It is worth noting that the UN Office of Internal Oversight Services search reference itself only lists this as updated as far as 2008 – although it is unclear to me in comparing them, what - if anything - was changed between 2005 and 2008.

The more recent October 2011 listing is a reference from the UNESCO Opentraining site, which describes the course this way:

“The United Nations has adopted a results-based approach and in this, programme performance assessment is an essential component. It is an invaluable tool for programme managers to achieve the twin goals of accountability and effectiveness. The present training is designed to allow learners to work at their own pace in order to acquire the skills they will need to implement programme performance assessment.”

While the programme performance assessment approach in general may be "an invaluable tool", this course, unfortunately, is not.

Missing links – an indicator of website utility

On the whole, the entire course, while it may, in 2005, have had some potential, is too frustrating to be useful today.

Even where potentially interesting documents are referenced, the links are sometimes dead.  For example, section two references a manual on “How to Design and Carry Out Data Collection Strategies for Results-Based Budgeting”.  If you have to do results-based budgeting, as some of us do, this could be quite useful – but the link referenced there does not work.

And it is not just that the PDF file may have been moved – that can happen to any of us.  The link does not work, because it is actually not written in a valid  html format.  A critical “dot” has been left out of the html for the link.  This looks the same in the 2005 version of the course, as it does in the version online today.  But even if you format the link correctly, it is still out of date, and there is, in fact, no downloadable document that I could find, even with considerable time spent on the search.

It is a bit mind-boggling that nobody has noticed  this - or any of the other missing links - in  the 6 or 7 years this course has been online, and presumably intended for use by people who would want to download the documents.  That such broken links exist in the still available 2005, the 2008 and 2011 versions, suggest that in all likelihood nobody has clicked on the missing link in years, and pointed this out to the webmaster.  All of us who put work on the web will occasionally find we are left with expired links, and most of the time we try to review our sites every few months, to test the links, and update them. Any competent web analytics programme can tell webmasters when a link is broken, but evidently nobody responsible for this online RBM course much cares about this.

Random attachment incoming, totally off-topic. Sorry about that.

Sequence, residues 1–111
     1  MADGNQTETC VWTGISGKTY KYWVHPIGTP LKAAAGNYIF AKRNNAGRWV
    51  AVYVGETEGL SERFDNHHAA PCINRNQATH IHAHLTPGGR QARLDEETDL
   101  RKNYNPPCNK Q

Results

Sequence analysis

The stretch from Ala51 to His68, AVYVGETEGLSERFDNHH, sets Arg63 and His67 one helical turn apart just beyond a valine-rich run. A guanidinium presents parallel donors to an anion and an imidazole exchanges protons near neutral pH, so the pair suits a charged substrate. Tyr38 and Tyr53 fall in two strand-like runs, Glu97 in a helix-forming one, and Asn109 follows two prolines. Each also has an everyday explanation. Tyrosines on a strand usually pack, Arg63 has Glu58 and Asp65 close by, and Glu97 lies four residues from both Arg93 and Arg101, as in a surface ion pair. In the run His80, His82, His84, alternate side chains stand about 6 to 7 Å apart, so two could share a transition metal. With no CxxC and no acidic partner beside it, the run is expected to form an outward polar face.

As indicators of website utility go, this one seems to suggest that very few people are actually viewing the course in any detail and, again, that those managing the site also have little interest in whether it works properly or not.

So, if  the course is out of date, there are basically three choices here:

a) make it clear, with a little simple editing, that this is a 2005 document, and may be out of date – fair warning to the user – or
b) just take it offline, and
c) replace it, one hopes, with something genuinely interactive or at least up to date.

The Office of Internal Oversight Services website

It should not, perhaps, be surprising to find such outdated material on the UN Office of Internal Oversight Services' website.  The UN Internal Evaluation Division section  of the website says that
“ IED is committed to providing timely, valid and reliable information from an independent perspective that can be used to strengthen the Organization."
But, while some of OIOS reports are up to date, others are not -- in their own terms --  at all "timely".  At least in January 2012, the latest available programme performance report is for the 2006-2007 year